Hewlett Packard has occasionally tossed a new iPAQ-branded smartphone into the market more as proof that it can still make them than to scare up any real sales. Its latest smartphone is perhaps one of the best-looking it has ever crafted, but HP crippled it with a terrible, horrible, no-good name.According to the press release and everything HP has published about its new smartphone, it should be a winner. Let's look at the basic stats.
It has both a touch screen (AMOLED, no less!) and a full QWERTY keyboard. It runs Windows Mobile 6.5, and is compatible with the expected set of hardcore enterprise apps that WinMo is known for. It has all the radios inside that the busy professional could ever hope for, including 3G for the U.S. and Europe, Wi-Fi, Bluetooth and GPS. It has a pretty decent camera, which comes in at 3.1 megapixels. It also has pretty decent looks. In fact, I'd say HP actually let someone with an artistic background (and not an engineering degree) fashion the looks and appearance of this phone. It's got a spate of great software on board, such as Facebook, The Weather Channel, JetCet Print, Mobile Banking, HP PhotoSmart Mobile and more.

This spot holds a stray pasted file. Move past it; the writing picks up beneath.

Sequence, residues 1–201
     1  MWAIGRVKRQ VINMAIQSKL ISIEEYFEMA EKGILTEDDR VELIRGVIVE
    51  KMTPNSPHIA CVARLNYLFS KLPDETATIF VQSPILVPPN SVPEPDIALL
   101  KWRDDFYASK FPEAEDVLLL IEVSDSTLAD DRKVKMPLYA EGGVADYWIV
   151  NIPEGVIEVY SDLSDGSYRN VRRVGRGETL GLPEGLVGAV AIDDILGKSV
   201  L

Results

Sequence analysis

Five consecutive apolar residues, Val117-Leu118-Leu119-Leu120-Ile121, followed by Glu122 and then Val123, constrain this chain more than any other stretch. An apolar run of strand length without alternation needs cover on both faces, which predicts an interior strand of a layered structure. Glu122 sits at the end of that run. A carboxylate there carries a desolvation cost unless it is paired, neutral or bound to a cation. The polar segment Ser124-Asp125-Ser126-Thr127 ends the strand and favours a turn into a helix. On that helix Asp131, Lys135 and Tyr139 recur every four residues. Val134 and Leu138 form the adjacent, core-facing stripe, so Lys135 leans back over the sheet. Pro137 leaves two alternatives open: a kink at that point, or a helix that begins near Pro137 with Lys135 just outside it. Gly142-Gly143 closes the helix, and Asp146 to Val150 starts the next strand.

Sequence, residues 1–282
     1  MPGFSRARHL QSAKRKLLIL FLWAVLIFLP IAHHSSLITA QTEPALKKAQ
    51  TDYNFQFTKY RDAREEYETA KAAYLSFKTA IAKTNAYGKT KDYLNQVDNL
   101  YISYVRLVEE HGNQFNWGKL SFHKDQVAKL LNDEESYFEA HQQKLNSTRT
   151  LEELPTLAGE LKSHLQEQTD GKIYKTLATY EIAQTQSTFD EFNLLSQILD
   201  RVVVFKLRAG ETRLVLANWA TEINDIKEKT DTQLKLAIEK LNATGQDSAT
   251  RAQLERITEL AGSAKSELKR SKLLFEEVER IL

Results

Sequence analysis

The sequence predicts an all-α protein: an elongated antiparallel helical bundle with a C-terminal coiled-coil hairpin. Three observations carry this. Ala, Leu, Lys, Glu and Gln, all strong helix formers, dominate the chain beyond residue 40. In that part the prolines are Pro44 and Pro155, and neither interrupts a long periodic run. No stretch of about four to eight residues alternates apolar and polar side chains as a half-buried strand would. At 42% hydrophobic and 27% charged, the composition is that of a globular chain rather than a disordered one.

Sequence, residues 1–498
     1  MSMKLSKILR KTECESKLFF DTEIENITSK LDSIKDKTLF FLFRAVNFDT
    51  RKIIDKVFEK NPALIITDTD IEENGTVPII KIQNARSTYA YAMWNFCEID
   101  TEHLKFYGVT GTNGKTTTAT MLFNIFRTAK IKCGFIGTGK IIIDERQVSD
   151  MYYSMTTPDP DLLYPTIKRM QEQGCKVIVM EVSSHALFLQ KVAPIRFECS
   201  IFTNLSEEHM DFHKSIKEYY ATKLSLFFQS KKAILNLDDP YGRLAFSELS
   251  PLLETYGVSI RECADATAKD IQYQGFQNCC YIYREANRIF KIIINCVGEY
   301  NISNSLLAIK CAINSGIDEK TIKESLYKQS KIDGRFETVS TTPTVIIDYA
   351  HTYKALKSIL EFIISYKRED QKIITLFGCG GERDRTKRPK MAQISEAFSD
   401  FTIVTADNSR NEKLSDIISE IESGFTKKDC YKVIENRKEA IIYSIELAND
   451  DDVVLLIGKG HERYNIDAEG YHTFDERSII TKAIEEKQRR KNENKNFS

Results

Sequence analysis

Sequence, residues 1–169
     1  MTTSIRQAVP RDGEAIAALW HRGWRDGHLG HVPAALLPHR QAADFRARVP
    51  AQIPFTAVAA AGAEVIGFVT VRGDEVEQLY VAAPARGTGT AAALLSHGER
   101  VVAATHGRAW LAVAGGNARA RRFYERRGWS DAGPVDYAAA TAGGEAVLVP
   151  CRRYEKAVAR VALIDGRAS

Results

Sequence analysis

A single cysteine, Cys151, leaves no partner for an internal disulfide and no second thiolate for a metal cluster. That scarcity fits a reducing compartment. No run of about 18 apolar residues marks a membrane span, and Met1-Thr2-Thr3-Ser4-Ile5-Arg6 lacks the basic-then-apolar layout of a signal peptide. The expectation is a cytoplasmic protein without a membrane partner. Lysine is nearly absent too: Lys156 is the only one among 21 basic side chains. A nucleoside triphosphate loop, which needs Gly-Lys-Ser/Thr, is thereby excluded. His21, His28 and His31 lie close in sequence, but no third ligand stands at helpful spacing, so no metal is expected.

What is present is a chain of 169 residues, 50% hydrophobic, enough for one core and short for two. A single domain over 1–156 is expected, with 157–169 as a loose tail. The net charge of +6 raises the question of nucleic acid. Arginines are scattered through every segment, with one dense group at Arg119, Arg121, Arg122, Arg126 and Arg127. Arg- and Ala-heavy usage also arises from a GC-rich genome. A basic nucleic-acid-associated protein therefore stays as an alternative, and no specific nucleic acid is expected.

But it's not going to sell.
Why? All because of the name (OK, the price point -- $230 -- isn't doing it any favors, either).
This new device is called the "Glisten". Yes, glisten. As in "dew drops glistening on the flowers." Merriam-Webster defines glisten as: "to give off a sparkling or lustrous reflection of or as if of a moist surface."
I don't know about you, but I NEVER want my smartphone to be moist or sparkling.
I performed a quick Google Search for "glisten." Aside from the dictionary definitions for the word, most of the results included references to dishwasher detergent.
Sorry, HP. You may have crafted a nice Windows Mobile smartphone, but Glisten is one of the most inappropriately applied names I've ever seen. Please, please, rename it to the HP-123 or something similarly boring to give it a fighting chance in the market.